When Dusk Finally Settled on the Emperor: Alexander Sokurov's 'The Sun'

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At one point in the Russian director Alexander Sokurov’s beautiful and eccentric movie “The Sun,” the emperor Hirohito begins enthusing about a preserved hermit crab, the sounds of war planes having subsided. “What a miracle!” Hirohito (Issey Ogata) marvels, staring at the pale, pickled, seemingly unremarkable crustacean as an assistant transcribes the emperor’s comments. “What heavenly beauty!” As Hirohito gazes at the crab, you sense that he is acknowledging a fellow specimen, a communion accentuated by the smudged visuals and murky palette that suggest that all this is taking place inside a dirty aquarium.

Much of “The Sun” in fact unfolds inside the contaminated confines of Hirohito’s palace in the period leading up to and following Japan’s surrender to the United States in 1945. An act of historical imagination, the film is the third in Mr. Sokurov’s trilogy about dictators, which began with “Moloch” (1999), featuring Hitler and Eva Braun at home in the Bavarian Alps, and continued with “Taurus” (2001), about the dying Lenin. Although “The Sun” borrows from history in sweep and detail — down to the statuettes of Darwin, Lincoln and Napoleon that Hirohito kept — the movie is best understood not in banal docudrama terms but as an impressionistic portrait of a man who, stripped of power, is revealed as grotesquely human. (First shown at the Berlin Film Festival four years ago, “The Sun” is finally receiving its welcome American theatrical release, which means that one of the best movies of 2005 is now also one of the best of 2009.)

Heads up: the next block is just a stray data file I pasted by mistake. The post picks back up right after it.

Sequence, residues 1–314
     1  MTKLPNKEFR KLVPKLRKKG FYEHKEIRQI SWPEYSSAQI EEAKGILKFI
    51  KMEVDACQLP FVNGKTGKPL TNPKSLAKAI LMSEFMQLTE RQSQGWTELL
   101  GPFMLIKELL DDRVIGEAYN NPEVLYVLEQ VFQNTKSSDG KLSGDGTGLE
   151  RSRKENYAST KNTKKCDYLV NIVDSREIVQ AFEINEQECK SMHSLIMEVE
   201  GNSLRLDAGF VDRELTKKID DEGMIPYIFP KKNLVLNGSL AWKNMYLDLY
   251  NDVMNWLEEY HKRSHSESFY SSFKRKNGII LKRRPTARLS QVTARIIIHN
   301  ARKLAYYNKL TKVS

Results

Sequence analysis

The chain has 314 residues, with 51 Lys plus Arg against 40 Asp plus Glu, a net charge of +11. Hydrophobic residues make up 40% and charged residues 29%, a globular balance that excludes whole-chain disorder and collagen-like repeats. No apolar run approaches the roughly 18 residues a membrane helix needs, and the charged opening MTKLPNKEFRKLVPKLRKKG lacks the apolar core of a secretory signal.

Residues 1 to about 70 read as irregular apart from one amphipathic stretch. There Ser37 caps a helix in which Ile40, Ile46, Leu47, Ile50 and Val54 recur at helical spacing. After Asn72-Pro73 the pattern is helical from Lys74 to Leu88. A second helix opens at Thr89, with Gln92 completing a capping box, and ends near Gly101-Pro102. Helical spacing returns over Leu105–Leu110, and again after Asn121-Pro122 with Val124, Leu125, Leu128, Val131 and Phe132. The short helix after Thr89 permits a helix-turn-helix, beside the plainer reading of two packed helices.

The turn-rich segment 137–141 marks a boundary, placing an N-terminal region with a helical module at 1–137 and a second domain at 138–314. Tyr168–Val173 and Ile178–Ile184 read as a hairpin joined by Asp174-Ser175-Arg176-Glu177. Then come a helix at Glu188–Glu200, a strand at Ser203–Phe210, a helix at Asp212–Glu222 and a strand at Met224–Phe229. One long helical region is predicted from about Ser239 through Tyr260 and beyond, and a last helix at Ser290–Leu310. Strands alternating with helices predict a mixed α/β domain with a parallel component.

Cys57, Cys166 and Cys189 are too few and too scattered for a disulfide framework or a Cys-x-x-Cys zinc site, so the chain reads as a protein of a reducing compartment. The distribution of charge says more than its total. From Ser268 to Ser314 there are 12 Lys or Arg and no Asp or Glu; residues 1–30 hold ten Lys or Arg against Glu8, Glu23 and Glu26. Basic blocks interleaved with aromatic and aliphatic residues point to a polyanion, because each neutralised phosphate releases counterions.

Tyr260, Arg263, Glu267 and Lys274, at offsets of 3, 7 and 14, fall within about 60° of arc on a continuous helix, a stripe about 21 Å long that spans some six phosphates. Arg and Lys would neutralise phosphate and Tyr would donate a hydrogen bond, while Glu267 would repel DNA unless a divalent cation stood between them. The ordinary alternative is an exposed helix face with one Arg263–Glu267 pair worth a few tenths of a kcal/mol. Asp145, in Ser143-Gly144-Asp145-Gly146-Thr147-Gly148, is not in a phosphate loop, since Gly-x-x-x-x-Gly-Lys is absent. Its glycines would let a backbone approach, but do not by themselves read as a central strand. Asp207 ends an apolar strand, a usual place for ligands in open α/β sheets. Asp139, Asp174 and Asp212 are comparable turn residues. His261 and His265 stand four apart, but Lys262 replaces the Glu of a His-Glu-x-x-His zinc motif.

The humanization begins with scenes of everyday life in the palace and Hirohito being fed, fussed over and dressed by his bowing, ubiquitous aides. One (Shiro Sano), a chamberlain whose watchful gaze seems closer to that of a prison guard (or nanny), rattles off the royal schedule, which includes “time for private thought.” And what happens to the schedule, Hirohito asks, if the Americans show up. The chamberlain forcefully dismisses the idea, invoking the “humiliation” of 1924, a reference to the Immigration Act of 1924, which excluded Asian immigrants from entering the United States. “Ah, so” (“I see”), Hirohito responds opaquely (but what does he see?), his mouth fluttering open and closed, open and closed, as if he were a fish breathing underwater.

The Americans do show up, as they must, and hustle Hirohito off to meet General MacArthur (Robert Dawson), who, over the course of two sustained meetings, amicably entertains and gently intimidates the emperor amid oblique references to his plans for the American occupation. Working from Yury Arabov’s brilliantly distilled and elliptical screenplay, Mr. Sokurov moves in and around the two men, his camera shuttling between the twinned foreign landscapes of MacArthur’s gently amused face and Hirohito’s implacable mask. After their first meeting ends, Hirohito walks away from the general, only to pause awkwardly in front of the shut door: the god, you realize, has never had to open a door himself, a moment of pathetic comedy that forecasts a far more profound threshold-crossing: his renunciation of his divinity...

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